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J K COTTON SPINNING & WEAVING MILLS COMPANY LTD. versus COLLECTOR OF CENTRAL EXCISE

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J K COTTON SPINNING & WEAVING MILLS COMPANY LTD. V. COLLECTOR OF CENTRAL EXCISE [1998] RD-SC 145 (4 March 1998)

CJI, K.T. THOMAS, M. SRINIVASAN

ACT:

HEADNOTE:

Thomas, J.

This moot point in this appeal this: Whether the period of six months envisaged in Section 11A of the Central Excise Act, 1944 (for short the Act), for issuing show cause notice, stood extended by further period so as to enable the Revenue to scale over the hurdle of limitation? Respondent (Revenue) advanced two alternative premises in support of the plea that the said period of six months stood extended.

First is, there was only a provisional assessment and hence the `relevant date' for issuing the show cause notice could be counted only from final assessment, Second is that an order of stay issued by the High Court of Delhi on 12.8.1981 virtually amounted to a bridle against issuing show cause notice and hence the period stood extended by a entire time when the stay order was in operation.

Customs, Excise and Gold (Control) Appellate Tribunal (CEGAT - the acronym hereafter) held that the assessment was not provisional and hence the first premise was not available to the Revenue. but it held by a majority of 2:1 that the interim order of the Delhi High Court dated 12.8.1991 operated as virtually a stay, though not expressly so, against issuance of show cause notice and hence there was no bar of limitation for recovering the amount of excise duty levied. Thus, the Revenue was permitted by the CEGAT to proceed to recover the duty. The said order of CEGAT is challenged in this appeal.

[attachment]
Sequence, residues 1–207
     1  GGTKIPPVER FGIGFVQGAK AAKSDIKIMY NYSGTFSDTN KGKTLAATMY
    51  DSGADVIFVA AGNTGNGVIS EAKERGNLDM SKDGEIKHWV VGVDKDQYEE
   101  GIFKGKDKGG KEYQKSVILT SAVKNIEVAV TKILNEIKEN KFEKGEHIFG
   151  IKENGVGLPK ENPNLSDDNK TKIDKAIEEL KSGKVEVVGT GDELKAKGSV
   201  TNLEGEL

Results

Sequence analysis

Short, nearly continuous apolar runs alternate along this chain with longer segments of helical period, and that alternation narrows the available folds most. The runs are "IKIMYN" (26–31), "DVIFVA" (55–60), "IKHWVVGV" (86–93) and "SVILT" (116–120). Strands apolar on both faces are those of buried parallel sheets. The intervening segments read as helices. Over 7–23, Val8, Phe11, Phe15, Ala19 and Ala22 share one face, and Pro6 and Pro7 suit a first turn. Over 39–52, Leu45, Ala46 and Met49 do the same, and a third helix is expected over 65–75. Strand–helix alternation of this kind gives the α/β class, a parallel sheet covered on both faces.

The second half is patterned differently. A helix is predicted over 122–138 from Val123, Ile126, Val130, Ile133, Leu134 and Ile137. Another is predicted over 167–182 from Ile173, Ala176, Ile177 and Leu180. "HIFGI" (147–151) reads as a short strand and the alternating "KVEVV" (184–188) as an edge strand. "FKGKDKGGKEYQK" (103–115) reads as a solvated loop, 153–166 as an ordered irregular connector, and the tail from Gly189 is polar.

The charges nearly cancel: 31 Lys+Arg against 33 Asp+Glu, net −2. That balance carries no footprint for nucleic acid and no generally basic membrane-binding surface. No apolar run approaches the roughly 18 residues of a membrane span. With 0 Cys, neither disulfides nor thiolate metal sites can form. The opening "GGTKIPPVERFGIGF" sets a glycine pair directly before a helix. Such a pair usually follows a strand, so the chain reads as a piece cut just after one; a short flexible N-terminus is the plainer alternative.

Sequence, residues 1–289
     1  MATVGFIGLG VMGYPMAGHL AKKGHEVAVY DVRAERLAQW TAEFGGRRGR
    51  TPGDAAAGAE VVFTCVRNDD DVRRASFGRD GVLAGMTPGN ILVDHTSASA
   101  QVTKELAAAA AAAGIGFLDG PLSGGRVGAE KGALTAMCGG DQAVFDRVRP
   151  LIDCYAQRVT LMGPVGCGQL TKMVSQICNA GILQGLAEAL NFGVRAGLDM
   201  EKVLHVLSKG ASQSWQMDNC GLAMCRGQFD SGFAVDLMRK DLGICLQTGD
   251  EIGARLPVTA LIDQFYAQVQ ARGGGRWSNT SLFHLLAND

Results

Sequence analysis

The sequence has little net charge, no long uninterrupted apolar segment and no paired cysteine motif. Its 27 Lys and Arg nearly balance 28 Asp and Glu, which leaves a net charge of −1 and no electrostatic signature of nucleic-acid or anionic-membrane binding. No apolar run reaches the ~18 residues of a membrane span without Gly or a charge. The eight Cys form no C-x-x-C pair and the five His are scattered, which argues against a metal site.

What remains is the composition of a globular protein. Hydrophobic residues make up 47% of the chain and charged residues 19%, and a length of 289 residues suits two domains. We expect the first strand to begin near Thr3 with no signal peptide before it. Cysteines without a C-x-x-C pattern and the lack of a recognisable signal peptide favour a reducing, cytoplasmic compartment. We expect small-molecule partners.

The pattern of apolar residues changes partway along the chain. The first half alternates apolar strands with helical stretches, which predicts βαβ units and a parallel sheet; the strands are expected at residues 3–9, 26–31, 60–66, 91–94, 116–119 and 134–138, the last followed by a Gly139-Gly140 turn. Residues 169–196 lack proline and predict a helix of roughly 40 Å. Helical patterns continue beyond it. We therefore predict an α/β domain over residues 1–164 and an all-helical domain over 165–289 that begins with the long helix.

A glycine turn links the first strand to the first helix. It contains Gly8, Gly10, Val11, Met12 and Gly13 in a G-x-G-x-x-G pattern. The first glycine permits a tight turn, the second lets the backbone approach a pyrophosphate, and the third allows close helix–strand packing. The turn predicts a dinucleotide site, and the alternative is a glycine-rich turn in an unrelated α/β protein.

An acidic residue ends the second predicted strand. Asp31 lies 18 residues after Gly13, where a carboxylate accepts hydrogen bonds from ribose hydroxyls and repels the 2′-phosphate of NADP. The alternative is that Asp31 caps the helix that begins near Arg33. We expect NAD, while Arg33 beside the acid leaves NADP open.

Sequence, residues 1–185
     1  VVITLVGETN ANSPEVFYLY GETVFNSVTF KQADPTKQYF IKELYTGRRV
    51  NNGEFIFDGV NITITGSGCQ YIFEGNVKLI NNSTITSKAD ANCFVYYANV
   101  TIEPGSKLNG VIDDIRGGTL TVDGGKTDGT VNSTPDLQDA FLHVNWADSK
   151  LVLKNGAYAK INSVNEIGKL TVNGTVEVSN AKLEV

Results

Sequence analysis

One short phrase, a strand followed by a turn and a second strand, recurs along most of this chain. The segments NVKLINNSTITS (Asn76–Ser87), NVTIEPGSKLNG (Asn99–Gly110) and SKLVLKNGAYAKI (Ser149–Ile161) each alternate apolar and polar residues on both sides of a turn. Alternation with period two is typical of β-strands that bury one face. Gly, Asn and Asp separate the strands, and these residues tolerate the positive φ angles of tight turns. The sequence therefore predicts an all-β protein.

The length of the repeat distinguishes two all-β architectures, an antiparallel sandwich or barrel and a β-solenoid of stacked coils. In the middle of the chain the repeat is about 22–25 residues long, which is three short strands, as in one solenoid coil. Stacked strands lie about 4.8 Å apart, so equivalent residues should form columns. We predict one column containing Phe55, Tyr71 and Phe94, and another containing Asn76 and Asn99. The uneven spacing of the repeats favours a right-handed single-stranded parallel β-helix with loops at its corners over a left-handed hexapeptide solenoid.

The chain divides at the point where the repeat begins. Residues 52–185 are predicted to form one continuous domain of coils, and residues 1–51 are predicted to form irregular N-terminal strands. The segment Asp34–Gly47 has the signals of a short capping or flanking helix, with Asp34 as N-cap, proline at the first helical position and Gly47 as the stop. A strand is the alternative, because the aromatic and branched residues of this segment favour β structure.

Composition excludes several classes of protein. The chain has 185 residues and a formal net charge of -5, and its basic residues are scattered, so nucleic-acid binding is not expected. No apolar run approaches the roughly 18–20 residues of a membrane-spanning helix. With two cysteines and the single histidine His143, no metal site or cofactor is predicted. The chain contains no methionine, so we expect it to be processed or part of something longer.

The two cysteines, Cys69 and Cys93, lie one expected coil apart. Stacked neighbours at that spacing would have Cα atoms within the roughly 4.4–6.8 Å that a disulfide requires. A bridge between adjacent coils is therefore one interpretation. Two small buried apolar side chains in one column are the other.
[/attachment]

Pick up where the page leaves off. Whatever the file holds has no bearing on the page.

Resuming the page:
The facts which led to the opening of the aforesaid question can be summarised as follows: Appellant has a textile mill consisting of various divisions, among which the division where yarn is made is distinct from other divisions. Yarn is to be used in the manufacture of fabric which is the end product of the textile mill of the appellant. Yarn is obtained at an intermediary stage in the composite textile mill and is further processed in the mill for making fabric. According to the Revenue, there is removal of yarn from one area of the factory and hence that commodity is exigible to excise duty as per Rules 9 and 49 of the Central Excises Rules irrespective of the Excise duty payable on manufacture of fabric. Appellant challenged the aforesaid direction of the Department in a writ petition filed before Delhi High Court and its contention was upheld by judgment dated 16.10.1980. The Department then filed an appeal in this Court by special leave. When the special leave petition was pending the Department issued two notices under Section 11 A of the Act for recovering the excise duty on yarn for the period from 6.11.1980 to 31.3.1981. However, the Department issued a notification on 20.2.1982 as a precautionary step, amending Rules 9 and 49 of the Central Excise Rules Creating a fiction of "deemed removal" of the input goods at the intermediary stage within the factory.

That amendment later gained incorporation in a legislative enactment also, vide Section 51 (2)(d) of the Finance Act 1982 by which it was given retrospective effect from 1944.